Hyundai, another official partner, plans to launch several initiatives, including trophy tours, across India, according to a statement released by the company. The auto maker is also running an online campaign called ‘Fans of Brilliance’. Meanwhile, in an attempt to woo Indian tourists during the World Cup, the tourism boards of both Australia and New Zealand have launched several campaigns and promotional activities. Tourism Australia has partnered with travel website Yatra.com to specially curate a portfolio of 30 travel packages.
“These itineraries will give tourists an opportunity to indulge in uniquely Aussie activities on the sidelines of the cricket matches,” said Nishant Kashikar, country manager, India and Gulf, Tourism Australia. According to feedback from accredited travel agents for the ICC World Cup, there has been significant interest in World Cup packages and over 6,000 cricket enthusiasts from India are expected to travel for the event. David Craig, general manager, Asia, Tourism New Zealand, said his organization is gearing up with a range of initiatives during the course of the World Cup and pointed out that his country and Australia have launched a new visa programme. Players, officials and fans will need to apply for only one visa to visit both countries during the tournament, he added.
With four months of back-to-back cricket entertainment, there’s also the fear that advertisers may choose between the two tournaments, although an ad executive said both could benefit. “It’s the same scenario like it was in 2011,” said Vinit Karnik, national director of GroupM ESP India, the sports marketing arm of the agency. “In fact, back then, when the World Cup was held in India, both tournaments did very well.” “Cricket season is one of the most exciting times for the industry in India. We plan to spend 15-20% of our total marketing budget for this year during IPL and World Cup,” said Manish Sharma, managing director of Panasonic India and South Asia.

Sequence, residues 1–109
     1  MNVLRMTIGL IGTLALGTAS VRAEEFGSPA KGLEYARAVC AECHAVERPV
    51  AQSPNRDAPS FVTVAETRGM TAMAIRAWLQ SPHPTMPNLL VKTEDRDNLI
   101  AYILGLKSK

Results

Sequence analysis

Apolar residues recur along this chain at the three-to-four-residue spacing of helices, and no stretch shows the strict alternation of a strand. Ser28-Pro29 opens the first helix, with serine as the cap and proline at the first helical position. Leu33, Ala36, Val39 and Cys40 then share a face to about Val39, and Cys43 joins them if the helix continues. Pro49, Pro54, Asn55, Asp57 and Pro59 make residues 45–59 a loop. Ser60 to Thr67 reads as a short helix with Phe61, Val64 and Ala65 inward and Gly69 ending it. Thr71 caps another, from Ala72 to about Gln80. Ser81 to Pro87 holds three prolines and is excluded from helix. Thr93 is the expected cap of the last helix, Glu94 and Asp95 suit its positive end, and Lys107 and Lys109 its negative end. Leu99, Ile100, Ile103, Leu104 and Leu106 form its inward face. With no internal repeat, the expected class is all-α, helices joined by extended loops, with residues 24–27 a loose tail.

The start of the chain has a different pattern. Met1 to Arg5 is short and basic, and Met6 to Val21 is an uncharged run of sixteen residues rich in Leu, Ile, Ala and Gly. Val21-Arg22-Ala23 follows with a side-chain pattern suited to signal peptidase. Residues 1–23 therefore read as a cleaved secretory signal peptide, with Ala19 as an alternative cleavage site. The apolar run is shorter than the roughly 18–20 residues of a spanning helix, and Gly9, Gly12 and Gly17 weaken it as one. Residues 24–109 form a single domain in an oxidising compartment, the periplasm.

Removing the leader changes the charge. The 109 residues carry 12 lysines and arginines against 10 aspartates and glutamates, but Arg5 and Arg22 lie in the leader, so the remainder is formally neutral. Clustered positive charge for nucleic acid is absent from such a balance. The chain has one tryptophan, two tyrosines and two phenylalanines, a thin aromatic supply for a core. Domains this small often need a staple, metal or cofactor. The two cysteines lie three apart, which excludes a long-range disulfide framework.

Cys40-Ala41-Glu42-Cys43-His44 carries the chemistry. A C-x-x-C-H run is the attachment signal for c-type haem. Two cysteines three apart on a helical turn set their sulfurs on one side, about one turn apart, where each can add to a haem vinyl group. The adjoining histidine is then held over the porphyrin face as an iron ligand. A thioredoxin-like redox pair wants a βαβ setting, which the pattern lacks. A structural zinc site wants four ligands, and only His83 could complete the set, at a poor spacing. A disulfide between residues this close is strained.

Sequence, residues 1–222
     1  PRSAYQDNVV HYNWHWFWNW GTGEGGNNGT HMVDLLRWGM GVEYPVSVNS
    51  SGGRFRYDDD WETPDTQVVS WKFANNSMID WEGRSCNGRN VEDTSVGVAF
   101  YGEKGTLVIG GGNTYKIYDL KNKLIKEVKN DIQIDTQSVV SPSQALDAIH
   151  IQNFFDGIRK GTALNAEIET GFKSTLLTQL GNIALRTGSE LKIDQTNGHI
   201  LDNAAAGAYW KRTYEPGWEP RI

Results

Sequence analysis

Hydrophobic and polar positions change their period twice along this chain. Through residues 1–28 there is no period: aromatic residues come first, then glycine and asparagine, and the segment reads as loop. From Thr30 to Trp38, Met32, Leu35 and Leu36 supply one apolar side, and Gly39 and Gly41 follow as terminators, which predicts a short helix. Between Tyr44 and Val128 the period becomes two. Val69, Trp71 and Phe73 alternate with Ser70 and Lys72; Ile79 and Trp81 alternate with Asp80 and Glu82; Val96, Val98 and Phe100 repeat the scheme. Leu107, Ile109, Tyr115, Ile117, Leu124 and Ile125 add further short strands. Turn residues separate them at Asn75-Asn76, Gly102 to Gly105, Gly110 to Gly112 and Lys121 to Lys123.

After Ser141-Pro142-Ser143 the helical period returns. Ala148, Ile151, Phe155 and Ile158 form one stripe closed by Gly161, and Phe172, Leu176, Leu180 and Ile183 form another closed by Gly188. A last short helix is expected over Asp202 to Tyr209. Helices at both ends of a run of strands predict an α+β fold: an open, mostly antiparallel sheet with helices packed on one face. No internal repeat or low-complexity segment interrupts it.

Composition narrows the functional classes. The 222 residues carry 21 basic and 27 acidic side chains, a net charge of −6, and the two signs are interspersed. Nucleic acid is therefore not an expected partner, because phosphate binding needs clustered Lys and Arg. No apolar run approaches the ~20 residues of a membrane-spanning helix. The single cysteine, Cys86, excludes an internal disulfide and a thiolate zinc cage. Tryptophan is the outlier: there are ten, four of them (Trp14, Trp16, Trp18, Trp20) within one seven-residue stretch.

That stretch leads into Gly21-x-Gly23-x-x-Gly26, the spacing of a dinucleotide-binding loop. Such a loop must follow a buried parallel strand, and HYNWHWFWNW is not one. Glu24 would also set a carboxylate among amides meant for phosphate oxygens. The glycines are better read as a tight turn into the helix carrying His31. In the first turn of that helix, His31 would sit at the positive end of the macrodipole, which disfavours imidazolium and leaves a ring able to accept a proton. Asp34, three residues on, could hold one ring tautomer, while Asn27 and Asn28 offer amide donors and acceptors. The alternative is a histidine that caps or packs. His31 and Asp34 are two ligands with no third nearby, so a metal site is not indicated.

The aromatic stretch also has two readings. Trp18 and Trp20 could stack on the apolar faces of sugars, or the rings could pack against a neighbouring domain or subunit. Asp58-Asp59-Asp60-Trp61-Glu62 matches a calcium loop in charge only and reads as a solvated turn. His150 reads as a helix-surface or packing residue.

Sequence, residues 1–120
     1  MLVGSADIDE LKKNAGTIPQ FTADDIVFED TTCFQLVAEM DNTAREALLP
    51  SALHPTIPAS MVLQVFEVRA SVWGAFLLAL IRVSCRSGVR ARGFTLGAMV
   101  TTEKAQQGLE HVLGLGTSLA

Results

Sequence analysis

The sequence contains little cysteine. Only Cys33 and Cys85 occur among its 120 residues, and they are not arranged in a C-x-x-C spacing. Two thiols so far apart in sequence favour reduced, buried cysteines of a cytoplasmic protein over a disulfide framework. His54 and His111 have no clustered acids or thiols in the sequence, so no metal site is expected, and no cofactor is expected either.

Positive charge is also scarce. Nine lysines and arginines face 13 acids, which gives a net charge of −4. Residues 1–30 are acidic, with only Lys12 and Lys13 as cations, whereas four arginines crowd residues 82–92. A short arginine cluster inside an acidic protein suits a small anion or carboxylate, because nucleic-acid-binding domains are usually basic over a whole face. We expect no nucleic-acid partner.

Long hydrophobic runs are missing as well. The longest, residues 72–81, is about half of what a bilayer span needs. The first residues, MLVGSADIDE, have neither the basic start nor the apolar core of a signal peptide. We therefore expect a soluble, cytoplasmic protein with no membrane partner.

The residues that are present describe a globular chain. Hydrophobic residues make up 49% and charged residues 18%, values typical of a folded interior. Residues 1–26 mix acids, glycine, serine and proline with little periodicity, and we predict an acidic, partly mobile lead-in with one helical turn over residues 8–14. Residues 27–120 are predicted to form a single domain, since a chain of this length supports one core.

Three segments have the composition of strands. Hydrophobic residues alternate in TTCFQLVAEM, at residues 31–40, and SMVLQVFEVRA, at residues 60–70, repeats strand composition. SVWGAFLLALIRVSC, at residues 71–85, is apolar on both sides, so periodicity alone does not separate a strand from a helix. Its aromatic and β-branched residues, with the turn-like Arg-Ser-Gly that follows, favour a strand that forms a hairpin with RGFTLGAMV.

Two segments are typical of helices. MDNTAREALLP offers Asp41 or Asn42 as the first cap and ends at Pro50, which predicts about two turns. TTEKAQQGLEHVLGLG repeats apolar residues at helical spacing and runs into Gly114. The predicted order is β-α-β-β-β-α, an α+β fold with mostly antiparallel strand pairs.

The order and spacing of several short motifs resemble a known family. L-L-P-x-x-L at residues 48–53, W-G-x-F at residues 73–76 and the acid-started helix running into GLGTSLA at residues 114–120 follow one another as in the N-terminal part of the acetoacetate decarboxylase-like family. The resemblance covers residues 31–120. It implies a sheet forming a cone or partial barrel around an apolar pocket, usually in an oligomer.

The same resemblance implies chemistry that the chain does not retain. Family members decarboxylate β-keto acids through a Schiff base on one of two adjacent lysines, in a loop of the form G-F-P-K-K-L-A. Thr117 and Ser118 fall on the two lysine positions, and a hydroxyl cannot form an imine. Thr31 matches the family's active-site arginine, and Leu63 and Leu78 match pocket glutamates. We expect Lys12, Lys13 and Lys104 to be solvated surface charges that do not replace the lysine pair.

Rohit Gupta, president, network sales, at Multi Screen Media Pvt. Ltd, the official telecast partner for IPL, said he isn’t worried about the World Cup taking away ad spends from IPL this year. “Over the years, IPL has proved itself a risk-free property,” he said. Even though Parliamentary elections happened in April and May 2014 (necessitating the shift of the first leg of IPL to the United Arab Emirates), TV ratings witnessed a growth of 7-8 %. “This year too, there is an assured rating of 4.5,” he said.
During the previous IPL season, ad inventory rates were around Rs.4.5-5 lakh for a 10 second spot. Presenting sponsors paid between Rs.50-60 crore for their association with IPL last year, while associate sponsors paid around Rs.35 crore. Gupta said he was looking at eight to 10 sponsorships this year, the same as the previous year, although he declined to comment on expected prices. Multi Screen Media said recently that it has increased the advertising rates for the coming edition of IPL by 10%. “Both the IPL and World Cup are very promising platforms for brands, providing quick visibility and high-reach,” said Hari Krishnan, managing director of media services agency ZenithOptimedia India.
Last year saw around 1,400 new advertisers come on board across TV channels, Krishnan pointed out. “There’s huge interest from e-commerce companies and even handset makers,” he said. While it may seem that a chunk of ad spends may shift from general entertainment channels towards these sporting properties, “many non-sport channels will also capitalize on this sentiment with related programming”, he said. Ashish Bhasin, chairman and chief executive, South Asia, for Dentsu Aegis Network, said both eyeballs and advertising for the World Cup will depend on how the defending champions, India, perform. “Else, the relative interest in the property will decline,” Bhasin noted.